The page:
hoped for it sure, but knew I couldn’t count on that.  Even when things
look they might be on the up and up, there’s still no guarantee they’ll stay
that way.  That’s important to know and no matter what happens, you gotta
cling to that truth and if you do you’ll stay afloat. For instance, in one year
I went from playing the Royal Albert Hall to someone’s wedding and back to
small clubs again. Anything goes! If it goes well, that’s all bonus in my
opinion. You can have the best intentions –you can even think, “No one
can do what I’m doing better than me!” and though that may be true, doing
what you love can be a risky business. I’ve been blessed that I haven’t had a
day job in years, but I practice on a cash register every now and again… just
in case my luck runs out. 

 

How do you see the trajectory of your career? Have there been
different elements and a different way of thinking that’s evolved with each new
album?  

Definitely…especially this time around. I
finally feel that I have found my stride. Sam encouraged me to make a record
that made me a bit uncomfortable; I had always said and did what made me
comfortable and I’m pretty comfortable in my own skin. However, that made me
coast a bit. It kept me shy and held
me back from being a little bit bolder. It held me back from finding out what I
was really capable of. I feel like this time around I pushed myself to places I
didn’t know I could reach. I sang out more, I stretched myself musically, I
switched up tempos and rhythms, and finally made a record that matched my
personality a lot, lot, more. I felt like I grew an inch, like I had another
growth spurt. Maybe I did. Hang on, I’ll measure… Nope, still 5’5.” It’s just
in my head.  

 

When it comes time to create a new album, do you have an overall
concept in mind, or do you have a
batch of songs that dictate the concept?
    
It’s the batch of songs that tell the story of the record and of
my life. 

 

Tell us a little bit about the documentary that was done on
you – All the Way from Michigan Not Mars. How did that come about?
    

What’s funny is that the documentary was
supposed to be a short about Suf, Denny and I making a record together until I
screwed that all up by saying, “Do you want to film me talking about
stuff?” and then we ended up with hours and hours of footage! I guess I
thought, if they were going to do this, I should say something that I think
matters, but I don’t think I knew how to stop talking once I got going. There
was just so much on my heart and so many stories I wanted to share. Good grief
Rosie!

 

How do you think you distinguish yourself from all the other
singer/songwriters out there right now? What special approach or insight helps
imbue you with a style or stance all your own?   

I guess the simplest way of answering this is
something that gets a lot of lip service, but not much follow-through, and that’s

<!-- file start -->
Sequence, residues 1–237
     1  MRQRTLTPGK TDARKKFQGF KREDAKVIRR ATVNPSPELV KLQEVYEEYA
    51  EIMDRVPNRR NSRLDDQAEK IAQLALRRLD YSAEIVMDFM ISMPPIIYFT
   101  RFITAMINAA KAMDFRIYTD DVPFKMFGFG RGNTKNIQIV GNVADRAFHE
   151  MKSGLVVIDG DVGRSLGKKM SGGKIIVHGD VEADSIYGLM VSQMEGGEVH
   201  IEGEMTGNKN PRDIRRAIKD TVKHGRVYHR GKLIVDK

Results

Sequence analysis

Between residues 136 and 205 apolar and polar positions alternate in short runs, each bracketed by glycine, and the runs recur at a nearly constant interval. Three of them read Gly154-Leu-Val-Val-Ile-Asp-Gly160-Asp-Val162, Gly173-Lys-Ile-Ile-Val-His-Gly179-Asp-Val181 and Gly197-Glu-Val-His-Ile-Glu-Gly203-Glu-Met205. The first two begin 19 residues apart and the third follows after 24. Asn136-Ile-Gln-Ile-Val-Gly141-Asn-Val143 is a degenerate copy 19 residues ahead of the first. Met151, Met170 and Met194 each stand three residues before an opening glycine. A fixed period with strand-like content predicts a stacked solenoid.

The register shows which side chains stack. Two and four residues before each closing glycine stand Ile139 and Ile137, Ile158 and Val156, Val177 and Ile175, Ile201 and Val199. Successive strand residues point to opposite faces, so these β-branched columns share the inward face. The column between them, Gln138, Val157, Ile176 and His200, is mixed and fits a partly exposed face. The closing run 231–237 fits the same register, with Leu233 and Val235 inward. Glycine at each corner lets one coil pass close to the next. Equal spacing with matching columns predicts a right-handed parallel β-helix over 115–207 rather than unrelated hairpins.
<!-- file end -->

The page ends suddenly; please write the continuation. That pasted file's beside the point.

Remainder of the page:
being yourself.  The biggest
thing I have to offer is myself.  If I ever consider compromising that,
shame on me. It took me a couple of records to feel confident about that and
fully realize all that I had to offer. It became a bigger responsibility to me,
to engage with the audience, not just perform for them. I realized that if I
didn’t break that wall down, I might miss out on the opportunity of really
saying something they needed to hear, or relate to, and the truth is, I needed
it too.

        I
believe that this world is getting more and more self-focused and we are
forgetting to take care of one another, to relate to one another, and encourage
one another.  I have a lot of compassion, too much for my own good at
times, but I think I can use it to help people feel better, and that feels
awesome. So many folks these days are so concerned with keeping up appearances,
and presenting themselves as what others will think is cool. I find that if you
are willing to risk being vulnerable with people, and open up about our own
struggles, people will feel like it’s safe to reciprocate, and then you can
actually get somewhere meaningful, not just the shallow baloney that we’re
force-fed from most of pop culture. I take that pretty seriously and I am
willing to risk not being cool for being real.  

        Bazan
even said to me the other day, “Don’t hold back Rosie, if anything, push
further,” and here’s how I do that differently than anybody else. I wear
my heart on my sleeve. I am not interested in a self-indulgent career. I know
better; I know that only leads to letdowns, meltdowns and breakdowns. I’m
interested in using the platform I’ve been given to help people feel less
alone, and I feel honored to be that voice for people. I love making people
laugh, so I involve comedy in my shows. I like to share stories, so I tell
stories. I like to sing, so I sing my heart out. I like to write about what I
write about because it’s pure and real and honest and relatable. Someone’s got
to shout it out!

        Basically,
I draw on every strength I possess and share ‘em all. Why not? My beloved
friend Mary always says, “If you don’t do it Rosie, who will?!” So I
raised my hand and said, “I will! I will!”  And I do it with my whole heart, and I do it
for those that might be afraid to admit it themselves. I don’t mind; I have
always worn my heart on my sleeve remember? I couldn’t live my life any other
way. It’s a good life when you’re giving. It’s the key to real fulfillment, and
true happiness, so I don’t hold back because that would bore me. I give it all…
with love in my heart.

 

Anything else you’d like to add? 

No, thank you. Unless we want this to end up
like my documentary, and turn it into a self-help book, we should quit while
we’re ahead.  

 

Rosie Thomas begins an extensive North American tour March 15.
Tour dates at her website:
www.rosiethomas.com